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Education: Charter school looks at pilot program for youngest children

By Jason Lesley
Coastal Observer

A pre-school program in Georgetown will help boost diversity at the school district’s only charter school, according to a proposal that will be reviewed next week by the Georgetown County Board of Education.

“They’re always concerned about recruitment and diversity,” Superintendent Randy Dozier said. “It needs some thought.”

Coastal Montessori Charter School wants to create a pilot program for 3-, 4- and 5-year-olds at McDonald Elementary School. Under the Montessori model, classes contain students of different ages. Those in the primary class at McDonald would be eligible to enroll at Coastal Montessori, which plans to start construction this summer on a facility on Highway 17 south of Hagley. The charter school opened three years ago in a vacant wing at Waccamaw Middle School.

“It’s about not being an island and just being our own little school,” said Kristin Bohan, founder of Coastal Montessori. “It’s about bringing Montessori to the community.”

A majority of the enrollment at McDonald Elementary is African-American. Two-thirds of the students qualify for free lunches. Coastal Montessori’s enrollment is mostly white and only 20 percent qualify for free lunches, a measure of family income.

The Georgetown County School District has been under federal oversight since the 1970s to ensure compliance with court-ordered desegregation. It has tried for several years to get the U.S. Justice Department to lift that oversight. The department had to review the location of the charter school campus, which the charter board said would help improve diversity by making it more accessible to low-income and minority students from the western part of the county.

If approved, the pilot program would be the first in the public schools for 3-year-olds. “The challenge is, there’s no 3-year-old funding,” Bohan said.

Charter schools are public schools with their own boards, but they receive funds from the state based on enrollment. The state funds pre-kindergarten for 4-year-olds from low income families and kindergarten for all children. Other Montessori primary programs around the state absorb the cost of the 3-year-olds, Bohan said, and that’s what Coastal Montessori proposes.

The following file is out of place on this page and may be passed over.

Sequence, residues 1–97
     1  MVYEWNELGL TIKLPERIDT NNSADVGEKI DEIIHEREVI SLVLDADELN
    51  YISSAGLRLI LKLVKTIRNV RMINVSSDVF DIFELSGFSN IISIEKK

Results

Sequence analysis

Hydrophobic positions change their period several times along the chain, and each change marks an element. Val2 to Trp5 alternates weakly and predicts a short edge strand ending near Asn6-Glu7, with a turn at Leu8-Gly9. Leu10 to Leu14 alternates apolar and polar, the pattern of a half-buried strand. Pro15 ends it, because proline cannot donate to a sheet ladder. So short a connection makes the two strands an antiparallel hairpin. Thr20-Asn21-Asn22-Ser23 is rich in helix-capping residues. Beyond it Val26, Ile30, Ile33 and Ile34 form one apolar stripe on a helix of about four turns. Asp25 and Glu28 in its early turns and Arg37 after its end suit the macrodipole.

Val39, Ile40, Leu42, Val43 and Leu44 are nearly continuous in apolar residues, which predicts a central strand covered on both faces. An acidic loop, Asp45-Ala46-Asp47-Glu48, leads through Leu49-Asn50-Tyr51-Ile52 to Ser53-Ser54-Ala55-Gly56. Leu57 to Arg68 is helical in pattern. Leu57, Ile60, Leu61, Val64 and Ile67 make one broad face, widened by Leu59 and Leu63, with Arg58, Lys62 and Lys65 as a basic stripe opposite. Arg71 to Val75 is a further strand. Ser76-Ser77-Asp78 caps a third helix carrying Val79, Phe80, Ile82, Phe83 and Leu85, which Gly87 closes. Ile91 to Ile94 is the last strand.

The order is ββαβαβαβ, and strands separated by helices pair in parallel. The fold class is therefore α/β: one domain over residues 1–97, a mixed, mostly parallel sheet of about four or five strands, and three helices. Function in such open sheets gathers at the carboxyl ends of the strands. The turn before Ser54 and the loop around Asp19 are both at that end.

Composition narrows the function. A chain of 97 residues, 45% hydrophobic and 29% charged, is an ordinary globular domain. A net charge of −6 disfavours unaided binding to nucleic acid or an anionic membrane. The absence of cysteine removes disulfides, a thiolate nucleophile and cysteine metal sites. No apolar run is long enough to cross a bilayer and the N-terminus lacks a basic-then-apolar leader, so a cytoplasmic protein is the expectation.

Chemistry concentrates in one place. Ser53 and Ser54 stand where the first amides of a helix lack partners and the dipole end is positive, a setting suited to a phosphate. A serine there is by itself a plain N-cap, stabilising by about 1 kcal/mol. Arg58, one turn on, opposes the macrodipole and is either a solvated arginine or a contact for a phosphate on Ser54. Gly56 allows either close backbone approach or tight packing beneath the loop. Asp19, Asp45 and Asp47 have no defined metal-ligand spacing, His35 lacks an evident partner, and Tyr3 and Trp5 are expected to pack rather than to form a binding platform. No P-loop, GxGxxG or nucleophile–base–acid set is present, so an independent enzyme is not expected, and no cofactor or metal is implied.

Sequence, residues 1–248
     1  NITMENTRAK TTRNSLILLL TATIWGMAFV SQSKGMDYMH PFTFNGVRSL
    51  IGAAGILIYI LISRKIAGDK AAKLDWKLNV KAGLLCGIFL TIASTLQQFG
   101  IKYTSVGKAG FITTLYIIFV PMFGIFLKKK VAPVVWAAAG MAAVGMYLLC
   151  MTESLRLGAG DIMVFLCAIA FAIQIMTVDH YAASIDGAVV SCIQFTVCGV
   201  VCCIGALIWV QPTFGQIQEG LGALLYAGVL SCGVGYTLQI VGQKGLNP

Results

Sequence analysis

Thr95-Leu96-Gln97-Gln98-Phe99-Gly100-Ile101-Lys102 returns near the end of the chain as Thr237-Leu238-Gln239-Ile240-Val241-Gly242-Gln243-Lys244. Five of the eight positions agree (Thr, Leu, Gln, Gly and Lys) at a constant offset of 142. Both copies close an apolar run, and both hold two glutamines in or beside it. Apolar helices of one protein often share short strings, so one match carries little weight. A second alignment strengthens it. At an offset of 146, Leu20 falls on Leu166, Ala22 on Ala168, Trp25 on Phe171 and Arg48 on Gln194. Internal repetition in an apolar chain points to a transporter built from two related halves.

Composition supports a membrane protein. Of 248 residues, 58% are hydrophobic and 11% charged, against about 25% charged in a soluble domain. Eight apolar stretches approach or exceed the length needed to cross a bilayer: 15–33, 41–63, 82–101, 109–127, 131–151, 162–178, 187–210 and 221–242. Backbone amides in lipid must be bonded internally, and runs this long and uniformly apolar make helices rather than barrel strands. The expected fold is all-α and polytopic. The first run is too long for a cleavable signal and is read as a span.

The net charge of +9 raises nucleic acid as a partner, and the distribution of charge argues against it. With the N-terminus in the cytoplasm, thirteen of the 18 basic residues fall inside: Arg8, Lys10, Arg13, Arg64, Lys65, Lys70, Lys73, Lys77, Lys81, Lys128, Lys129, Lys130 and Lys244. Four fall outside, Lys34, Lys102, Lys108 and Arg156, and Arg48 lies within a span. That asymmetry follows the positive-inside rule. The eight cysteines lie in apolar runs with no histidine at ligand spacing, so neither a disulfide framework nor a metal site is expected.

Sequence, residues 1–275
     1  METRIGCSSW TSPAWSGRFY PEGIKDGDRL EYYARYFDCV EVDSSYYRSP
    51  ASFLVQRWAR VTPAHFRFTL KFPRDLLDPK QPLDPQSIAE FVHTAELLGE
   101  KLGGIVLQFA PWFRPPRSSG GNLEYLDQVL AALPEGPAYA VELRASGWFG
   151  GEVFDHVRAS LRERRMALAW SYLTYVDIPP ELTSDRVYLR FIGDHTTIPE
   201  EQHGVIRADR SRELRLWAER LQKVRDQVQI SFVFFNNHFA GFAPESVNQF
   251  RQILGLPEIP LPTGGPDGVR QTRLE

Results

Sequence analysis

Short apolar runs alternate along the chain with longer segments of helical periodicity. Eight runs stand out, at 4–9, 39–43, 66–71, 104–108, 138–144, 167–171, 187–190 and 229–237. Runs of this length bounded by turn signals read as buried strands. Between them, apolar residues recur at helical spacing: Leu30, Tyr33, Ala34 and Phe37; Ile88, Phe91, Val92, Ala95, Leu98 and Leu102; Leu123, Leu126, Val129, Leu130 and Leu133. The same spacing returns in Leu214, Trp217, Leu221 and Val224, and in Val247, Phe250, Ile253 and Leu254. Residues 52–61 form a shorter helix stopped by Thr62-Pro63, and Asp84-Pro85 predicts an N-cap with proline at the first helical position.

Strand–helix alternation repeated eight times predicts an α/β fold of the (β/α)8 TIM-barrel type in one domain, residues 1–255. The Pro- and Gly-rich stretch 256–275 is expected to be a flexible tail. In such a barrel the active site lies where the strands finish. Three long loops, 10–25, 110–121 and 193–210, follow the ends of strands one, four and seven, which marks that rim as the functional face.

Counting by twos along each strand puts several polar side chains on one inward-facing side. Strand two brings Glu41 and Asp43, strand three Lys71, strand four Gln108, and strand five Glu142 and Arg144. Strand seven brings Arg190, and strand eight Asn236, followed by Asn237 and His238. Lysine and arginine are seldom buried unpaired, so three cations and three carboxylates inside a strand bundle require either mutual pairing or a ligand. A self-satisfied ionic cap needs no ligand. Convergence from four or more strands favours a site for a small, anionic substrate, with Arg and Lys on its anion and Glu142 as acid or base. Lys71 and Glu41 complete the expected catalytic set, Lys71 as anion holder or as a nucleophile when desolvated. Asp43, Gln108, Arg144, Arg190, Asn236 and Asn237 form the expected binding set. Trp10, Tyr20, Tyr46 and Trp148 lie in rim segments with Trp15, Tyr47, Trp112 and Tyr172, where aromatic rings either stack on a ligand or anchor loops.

The cost of a single class of 21 students is estimated at about $95,000 for the first year, which includes a teacher, a teaching assistant and supplies. The charter school proposes that the district fund about $15,000 in supplies and provide the classroom space at McDonald.

“I don’t know if it would be this year or next year,” Dozier said. “We’re pretty much through with the budget.”

Charter school board members also discussed the idea with the principal at McDonald, Miriam Daniels. “She was very receptive,” Bohan said. McDonald has an established pre-K program, which was initially funded through federal aid to schools with a large portion of low-income students.

However, Daniels has since taken over as the district director of special services. A new principal will be hired for the fall.

There are 36 public Montessori schools in South Carolina. They have 97 classes for primary students, Bohan said. “It’s best to be a Montessori student when you’re 3,” she said.

Coastal Montessori’s board discussed plans for a feeder program even as it began its program for grades one through six. The goal isn’t to secure a stream of applicants, Bohan said. The school already has a waiting list of 53 students for next year. It’s current enrollment is 180 students.

The primary program will provide parents in Georgetown with another option, she said.

Dozier sees that as one of the advantages of the proposal. “We like to offer choices,” he said.

Coastal Montessori plans to add middle school classes when it moves into its new facility. That and the primary program will require the county school board to approve a change in Coastal Montessori’s charter. Dozier said the Department of Justice will also need to review the changes.

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In the meanwhile, the school is awaiting approval of its building plans by the state Office of School Facilities. The plans will then need approval from the federal Rural Development agency, which is providing a $6.3 million loan to buy the land and build the school. Construction is expected to take 10 months. “If they can start clearing by August, we’re in good shape,” said Rob Horvath, who chairs the charter board.

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